The type of chemical preoxidation used in integrated processes is highly dependent on the characteristics and nature of the wastewater to be treated. Thus, in the case of effluents with a high content of phenol-type substances, oxidizing systems based on the use of oxygen or ozone at high temperatures and pressures have been shown to readily degrade phenolic structures . Wet air oxidation (WAO) is an oxidation process, conducted in the liquid phase by means of elevated temperatures (400-600 K) and pressures (0.5-20MPa). The oxidant source is an oxygen-containing gas (usually air).
As pressure increases, the temperature rises, which leads to an increasing degree of oxidation. With far-reaching material conversion, only the inorganic final stages of CO2 and water (and possibly other oxides) are left. With incomplete degradation, the original components (which often are nondegradable) are decomposed to biodegradable fragments. Therefore, it is useful to install a biological treatment stage downstream of the wet oxidation stage (Fig. 13) (Case Study I).
On other hand, Beltran-Heredia et al.  applied an opposite arrangement, that is, aerobic degradation followed by ozonation, in normal conditions where the temperature and the pH values were varied (Case Study II). Oxidizing chemicals are also used instead of oxygen so that even hardly degradable constituents of liquid waste from olive oil production can be destroyed or attacked. Possible oxidizing agents are ozone (O3) or hydrogen peroxide (H2O2) .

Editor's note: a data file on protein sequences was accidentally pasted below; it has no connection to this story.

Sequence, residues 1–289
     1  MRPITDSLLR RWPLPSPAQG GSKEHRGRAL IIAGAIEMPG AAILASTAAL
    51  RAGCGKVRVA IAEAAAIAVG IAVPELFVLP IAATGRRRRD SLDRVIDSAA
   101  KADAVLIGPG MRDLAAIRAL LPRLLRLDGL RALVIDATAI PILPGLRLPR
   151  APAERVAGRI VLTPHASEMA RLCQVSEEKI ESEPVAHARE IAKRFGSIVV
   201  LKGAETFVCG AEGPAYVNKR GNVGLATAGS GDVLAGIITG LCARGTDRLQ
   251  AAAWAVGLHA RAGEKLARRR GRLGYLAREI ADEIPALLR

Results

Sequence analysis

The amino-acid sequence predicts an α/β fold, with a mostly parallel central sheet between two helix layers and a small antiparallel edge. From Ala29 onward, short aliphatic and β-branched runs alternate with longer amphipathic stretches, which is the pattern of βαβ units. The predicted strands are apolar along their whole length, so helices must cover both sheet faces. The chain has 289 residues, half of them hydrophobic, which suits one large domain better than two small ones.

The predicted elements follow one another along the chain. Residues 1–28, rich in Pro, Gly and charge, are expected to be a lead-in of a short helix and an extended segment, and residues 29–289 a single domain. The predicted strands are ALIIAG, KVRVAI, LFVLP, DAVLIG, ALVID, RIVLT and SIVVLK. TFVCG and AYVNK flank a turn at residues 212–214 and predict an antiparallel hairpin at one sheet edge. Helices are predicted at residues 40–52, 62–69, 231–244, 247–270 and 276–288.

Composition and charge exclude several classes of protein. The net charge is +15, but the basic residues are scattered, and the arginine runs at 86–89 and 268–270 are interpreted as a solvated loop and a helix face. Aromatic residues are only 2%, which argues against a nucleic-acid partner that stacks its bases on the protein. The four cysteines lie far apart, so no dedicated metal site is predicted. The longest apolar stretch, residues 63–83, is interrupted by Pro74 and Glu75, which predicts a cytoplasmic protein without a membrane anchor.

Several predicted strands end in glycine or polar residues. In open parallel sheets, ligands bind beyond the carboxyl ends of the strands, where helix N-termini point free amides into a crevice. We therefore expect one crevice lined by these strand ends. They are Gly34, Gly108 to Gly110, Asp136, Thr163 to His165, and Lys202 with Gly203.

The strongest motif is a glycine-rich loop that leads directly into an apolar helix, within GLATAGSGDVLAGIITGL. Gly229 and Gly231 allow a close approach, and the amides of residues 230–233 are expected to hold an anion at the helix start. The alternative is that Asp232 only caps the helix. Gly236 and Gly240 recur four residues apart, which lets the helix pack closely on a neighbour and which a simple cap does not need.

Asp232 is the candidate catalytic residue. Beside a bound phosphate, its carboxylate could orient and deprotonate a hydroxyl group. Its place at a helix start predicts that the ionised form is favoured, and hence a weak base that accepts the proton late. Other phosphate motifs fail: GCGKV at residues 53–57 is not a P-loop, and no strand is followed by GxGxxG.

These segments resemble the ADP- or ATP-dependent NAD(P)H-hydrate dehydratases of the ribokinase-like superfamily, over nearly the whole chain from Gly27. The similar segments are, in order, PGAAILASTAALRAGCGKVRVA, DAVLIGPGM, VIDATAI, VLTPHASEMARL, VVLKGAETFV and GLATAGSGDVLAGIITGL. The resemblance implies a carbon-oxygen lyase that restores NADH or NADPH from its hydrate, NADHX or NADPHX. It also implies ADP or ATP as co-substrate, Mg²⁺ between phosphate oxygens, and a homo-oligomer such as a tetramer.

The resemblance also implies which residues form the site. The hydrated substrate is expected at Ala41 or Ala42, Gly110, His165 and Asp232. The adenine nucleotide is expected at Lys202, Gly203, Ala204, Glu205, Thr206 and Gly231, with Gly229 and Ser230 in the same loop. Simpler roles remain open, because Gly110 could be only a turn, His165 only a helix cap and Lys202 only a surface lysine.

The utilization of H2O2 has turned out to be environmentally friendly because this oxidizing agent has no negative effects. However, since H2O2 quickly undergoes decomposition, its ability to be stored is limited. The OH radicals formed during H2O2 decomposition have oxidative effects. Using suitable agents [e.g., titanium dioxide (TiO2)] or UV radiation, the development of radicals can be considerably forced .
In oxidation systems, ozone in particular has many of the oxidizing properties desirable for use in water and wastewater treatment; it is a powerful oxidant capable of oxidative degradation of many organic compounds, is readily available, soluble in water, and leaves no byproducts that need to be removed. In addition, it may also be used to destroy bacteria, odors, taste, and coloring substances.
It has been reported in the literature that anions of phenolic compounds are more reactive towards oxidative processes than the noncharged species [58,60].
Was this article helpful?